We are waiting for a weather window to cross to the Bahamas, and I think we finally have one. We leave Marathon Friday, jump to Islamorada, then to Anglefish Creek, and cross to Bimini on Sunday. There I will buy a BTC sim card for my phone and we can continue the blog in the Bahamas.

New solar panels for Island Bound

Boot Key Harbor, Marathon FL
Posted by Bill

In March of 2015, we installed 4 – 100 watt flex solar panels on our bimini canvas. We were staying at a private marina with access to a really nice work area, and Tricia did the sewing on the canvas. 2 of the panels had zippers attached to the sides, and the other 2 were plain. She sewed zippers into the canvas along with a protective flap, as we were not sure if the panels would chafe through the bimini due to wind movement and/or vibration. She also sewed Velcro and a protective flap for the other 2 panels and we attached Velcro to the underside of those panels. The design of the installation worked very well, and when the panels had to be removed for hurricane prep or maintenance on the bimini, it was really hard to get the Velcro ones off! The surface of the panels crazed and degraded after 3 years and so we needed to replace them. We bought them in Marathon FL from a reputable dealer and we had a 5 year warranty, and even though the manufacturer had gone out of business, the dealer honored the warranty and ordered us new panels from a different manufacturer. We could not get zippered panels, and the size of the new ones was slightly bigger, which made the existing bimini modifications unusable, so we needed to change the way the panels were attached.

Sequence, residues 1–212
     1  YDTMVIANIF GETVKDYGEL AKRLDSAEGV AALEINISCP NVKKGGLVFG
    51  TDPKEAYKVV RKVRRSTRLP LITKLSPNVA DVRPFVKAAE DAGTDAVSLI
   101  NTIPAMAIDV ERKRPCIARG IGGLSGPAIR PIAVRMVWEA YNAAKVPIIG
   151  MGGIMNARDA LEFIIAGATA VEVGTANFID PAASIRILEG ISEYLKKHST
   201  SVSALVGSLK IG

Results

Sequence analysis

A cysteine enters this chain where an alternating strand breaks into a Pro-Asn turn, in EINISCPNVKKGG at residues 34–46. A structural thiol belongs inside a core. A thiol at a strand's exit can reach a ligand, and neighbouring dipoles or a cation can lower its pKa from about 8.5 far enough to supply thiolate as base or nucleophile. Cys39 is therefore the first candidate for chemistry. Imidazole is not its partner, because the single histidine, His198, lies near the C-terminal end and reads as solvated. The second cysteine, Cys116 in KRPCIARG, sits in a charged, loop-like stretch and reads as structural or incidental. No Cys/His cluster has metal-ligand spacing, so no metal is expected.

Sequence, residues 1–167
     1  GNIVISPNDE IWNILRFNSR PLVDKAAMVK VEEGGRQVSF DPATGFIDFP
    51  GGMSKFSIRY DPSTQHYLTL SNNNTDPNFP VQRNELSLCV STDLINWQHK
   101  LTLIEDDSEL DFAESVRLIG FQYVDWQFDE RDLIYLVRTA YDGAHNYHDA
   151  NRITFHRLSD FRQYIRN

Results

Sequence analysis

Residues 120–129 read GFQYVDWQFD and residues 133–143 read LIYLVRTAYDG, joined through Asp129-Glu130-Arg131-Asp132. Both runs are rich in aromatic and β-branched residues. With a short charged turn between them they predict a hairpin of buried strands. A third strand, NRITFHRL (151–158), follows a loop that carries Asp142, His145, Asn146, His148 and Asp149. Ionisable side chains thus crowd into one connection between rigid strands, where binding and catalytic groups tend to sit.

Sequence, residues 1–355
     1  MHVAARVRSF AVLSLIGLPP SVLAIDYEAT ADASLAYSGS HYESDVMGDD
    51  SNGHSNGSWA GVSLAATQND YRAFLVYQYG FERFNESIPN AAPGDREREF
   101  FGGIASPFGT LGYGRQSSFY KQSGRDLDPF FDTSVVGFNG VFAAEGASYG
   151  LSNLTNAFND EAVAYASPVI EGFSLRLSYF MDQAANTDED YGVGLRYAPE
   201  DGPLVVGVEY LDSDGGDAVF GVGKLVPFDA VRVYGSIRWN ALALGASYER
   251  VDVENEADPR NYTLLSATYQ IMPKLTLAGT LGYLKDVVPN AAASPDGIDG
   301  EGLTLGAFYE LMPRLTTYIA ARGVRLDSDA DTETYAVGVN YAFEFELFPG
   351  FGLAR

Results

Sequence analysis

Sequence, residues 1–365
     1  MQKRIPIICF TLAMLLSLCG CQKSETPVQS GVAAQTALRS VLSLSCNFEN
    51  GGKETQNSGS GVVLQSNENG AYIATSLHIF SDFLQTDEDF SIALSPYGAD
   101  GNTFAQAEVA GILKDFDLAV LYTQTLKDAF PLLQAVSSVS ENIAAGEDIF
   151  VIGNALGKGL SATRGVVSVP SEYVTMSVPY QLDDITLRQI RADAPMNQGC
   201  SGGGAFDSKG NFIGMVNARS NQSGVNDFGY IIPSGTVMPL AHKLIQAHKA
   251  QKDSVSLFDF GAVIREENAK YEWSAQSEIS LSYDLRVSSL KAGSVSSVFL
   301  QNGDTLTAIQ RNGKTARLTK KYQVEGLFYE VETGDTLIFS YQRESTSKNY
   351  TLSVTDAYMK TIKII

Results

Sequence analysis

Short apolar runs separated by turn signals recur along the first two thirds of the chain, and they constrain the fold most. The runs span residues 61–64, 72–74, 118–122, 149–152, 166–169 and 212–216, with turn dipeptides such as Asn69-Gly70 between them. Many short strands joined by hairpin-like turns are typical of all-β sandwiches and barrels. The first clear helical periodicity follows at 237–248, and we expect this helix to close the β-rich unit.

Our bimini and dodger canvas is on it’s last leg. Tricia has been making repairs for the last 5 years and the canvas is not holding new thread. It will be replaced at the end of this cruising season. We feared that if we had to remove the bimini and do a bunch of sewing, we would have bigger issues than just the failed solar panels, so we needed to some up with a solution that did not involve removing the bimini, and something that could be done on the boat in the mooring field we are staying at. Tricia had been looking at some fasteners called Loxx that she saw in a Sailrite catalogue. They have a top and bottom component, and you pull the top to lock or unlock the connection of the two. Both the base and the top have a ring that screws on to them, which sandwiches the component to whatever material you are working with. They also have little spikes on the components to hold them in place when you screw the ring on. So we thought this would make a great solution given our restrictions. Here is a picture of a top component: